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Assuming you use your Chromebook primarily in areas that have wi-fi, the use of cloud computing as an alternative to blundering programs like iTunes is very, very tempting indeed. Unfortunately, cloud music brings with it its own gremlin-data rates are very, very expensive, so you’re somewhat limited as to where you can access your music, and when. This is precisely the reason a cloud-connected MP3 player is probably quite some time way- 3G is just far too pricy to be used in such a manner.

So, does the Chromebook offer up a suitable alternative to such programs as iTunes? Tentatively, yes. While it’s still too early to give a definitive answer; I, for one, like what Google’s doing here.

How do you plan on rocking your music setup with a Chromebook?

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Related posts:

  1. Video: Chromebooks for Business and Education
  2. Review: The Cloud Player
  3. Google Music to Arrive Before Christmas?

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4 Responses to “Could Chromebooks Offer An Alternative To iTunes?”

  1. Mats

    17. May, 2011

    Well, that may be so for US data plans – Where I live, unlimited 3G data plans come below $30. I happily pay that without having access to cloud music storage (Thanks, Google, for making Google Music Beta available only in US!) and will be even more happy the day I do.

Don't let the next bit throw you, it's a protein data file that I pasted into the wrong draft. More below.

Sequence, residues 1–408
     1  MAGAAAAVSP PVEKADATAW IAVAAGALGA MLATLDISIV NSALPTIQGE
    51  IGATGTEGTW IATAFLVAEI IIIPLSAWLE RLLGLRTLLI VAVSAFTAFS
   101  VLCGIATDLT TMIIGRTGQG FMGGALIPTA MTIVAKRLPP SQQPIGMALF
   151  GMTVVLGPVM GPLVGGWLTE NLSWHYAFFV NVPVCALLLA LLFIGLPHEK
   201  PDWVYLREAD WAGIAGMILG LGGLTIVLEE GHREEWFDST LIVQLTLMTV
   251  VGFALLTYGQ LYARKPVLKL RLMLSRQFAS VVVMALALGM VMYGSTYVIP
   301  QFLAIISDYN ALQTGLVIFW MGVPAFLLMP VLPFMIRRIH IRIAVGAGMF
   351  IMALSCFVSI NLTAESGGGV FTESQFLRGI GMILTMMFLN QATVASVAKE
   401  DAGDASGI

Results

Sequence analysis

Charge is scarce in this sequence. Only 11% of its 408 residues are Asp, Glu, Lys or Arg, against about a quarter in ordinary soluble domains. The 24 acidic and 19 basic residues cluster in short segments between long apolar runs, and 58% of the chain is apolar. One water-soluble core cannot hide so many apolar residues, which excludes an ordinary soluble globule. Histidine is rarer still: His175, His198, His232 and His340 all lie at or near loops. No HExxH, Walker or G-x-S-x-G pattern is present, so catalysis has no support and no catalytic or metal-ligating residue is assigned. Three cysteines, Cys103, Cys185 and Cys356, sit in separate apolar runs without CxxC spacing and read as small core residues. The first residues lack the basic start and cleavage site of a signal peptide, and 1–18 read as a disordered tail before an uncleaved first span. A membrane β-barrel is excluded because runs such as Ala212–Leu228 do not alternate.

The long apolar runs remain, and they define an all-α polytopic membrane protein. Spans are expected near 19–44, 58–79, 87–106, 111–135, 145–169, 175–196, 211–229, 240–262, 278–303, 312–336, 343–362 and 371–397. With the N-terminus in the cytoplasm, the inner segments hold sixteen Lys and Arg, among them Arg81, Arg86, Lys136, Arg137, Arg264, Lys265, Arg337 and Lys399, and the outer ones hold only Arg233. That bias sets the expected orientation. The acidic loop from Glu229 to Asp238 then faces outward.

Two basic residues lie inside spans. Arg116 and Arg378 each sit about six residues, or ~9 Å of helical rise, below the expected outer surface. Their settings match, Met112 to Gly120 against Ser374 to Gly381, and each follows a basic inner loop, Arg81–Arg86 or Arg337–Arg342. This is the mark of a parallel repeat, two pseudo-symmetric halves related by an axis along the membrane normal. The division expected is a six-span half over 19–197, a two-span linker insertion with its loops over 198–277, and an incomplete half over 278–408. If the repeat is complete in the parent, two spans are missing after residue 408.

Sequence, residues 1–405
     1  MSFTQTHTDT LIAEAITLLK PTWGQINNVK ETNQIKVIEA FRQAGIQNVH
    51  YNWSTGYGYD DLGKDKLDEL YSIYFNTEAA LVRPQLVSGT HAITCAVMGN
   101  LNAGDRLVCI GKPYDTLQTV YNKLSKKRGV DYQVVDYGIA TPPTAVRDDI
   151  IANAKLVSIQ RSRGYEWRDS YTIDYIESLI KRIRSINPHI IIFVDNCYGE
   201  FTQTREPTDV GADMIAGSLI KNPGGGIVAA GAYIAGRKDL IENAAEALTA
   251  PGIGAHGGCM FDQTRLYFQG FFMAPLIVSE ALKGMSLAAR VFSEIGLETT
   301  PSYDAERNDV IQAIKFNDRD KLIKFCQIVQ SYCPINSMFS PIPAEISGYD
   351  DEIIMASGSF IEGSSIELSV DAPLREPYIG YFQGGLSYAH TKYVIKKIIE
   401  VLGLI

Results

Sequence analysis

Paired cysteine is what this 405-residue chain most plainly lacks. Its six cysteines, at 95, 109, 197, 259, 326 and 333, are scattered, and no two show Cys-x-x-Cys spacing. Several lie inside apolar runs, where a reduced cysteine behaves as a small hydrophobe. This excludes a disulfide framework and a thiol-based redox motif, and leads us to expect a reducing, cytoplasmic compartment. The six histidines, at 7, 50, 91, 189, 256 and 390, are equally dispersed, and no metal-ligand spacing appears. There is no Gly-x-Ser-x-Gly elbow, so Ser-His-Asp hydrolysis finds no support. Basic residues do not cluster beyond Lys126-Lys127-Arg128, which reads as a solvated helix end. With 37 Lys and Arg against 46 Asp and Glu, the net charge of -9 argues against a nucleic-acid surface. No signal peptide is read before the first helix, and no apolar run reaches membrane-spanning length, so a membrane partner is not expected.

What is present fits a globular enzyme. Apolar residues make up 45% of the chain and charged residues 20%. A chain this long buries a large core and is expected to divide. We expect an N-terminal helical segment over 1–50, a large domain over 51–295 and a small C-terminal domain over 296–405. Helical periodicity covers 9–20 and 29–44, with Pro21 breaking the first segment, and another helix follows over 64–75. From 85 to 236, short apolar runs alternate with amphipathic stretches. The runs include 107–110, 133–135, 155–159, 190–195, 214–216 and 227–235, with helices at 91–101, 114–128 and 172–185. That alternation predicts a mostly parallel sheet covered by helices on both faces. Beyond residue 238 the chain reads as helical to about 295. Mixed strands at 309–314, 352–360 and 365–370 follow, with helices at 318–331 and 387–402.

2. TC

    17. May, 2011

    This is absurd. Why would I carry around a CrBook to listen to music? If I’m going the way you suggest, why not just use my phone with 3G / Wi-Fi? I already have it, already paying for the data plan and it’s much more portable.

    As for iTunes, that’s what you get when you get in bed with
    Apple. A great time but feel violated in the morning.

    Don’t get me wrong, I love my Cr48 but I don’t think this is a viable alternative to your iPod.

  3. acupuncture

    17. May, 2011

    This really doesn’t have anything to do with the Chromebook as much as how Google is implementing their cloud music service–you can access it via any browser, mobile or desktop. The big thing they need to compete with iTunes is seamless cloud sync with iTunes and to give the iTunes user a viable way to purchase more music at a better price and allow them to sync with their choice of players.

  4. zunebeast

    08. Aug, 2011

    So you want streaming music to your handheld device? And a music player on your computer that doesn’t hog all your resources and lets you put the songs you choose on your device, without having to have a partner software installed to get it on your computer? Oh…wait…THAT EXISTS!! Its called Zune and Zune software. sure you’d have to pay that monthly fee like you’re already talking about for chrome for the music streaming, but we have Zune Pass, which you can use on your Xbox, Zune, PC, and Windows Phone 7 seamlessly.iTunes has such a chokehold on consumers, if they would only look, there ARE better alternatives. Oh, here’s another kicker: you can take your Zune and sync it with a friends Zune software and get his songs or put songs on his computer without using iRip or something like that.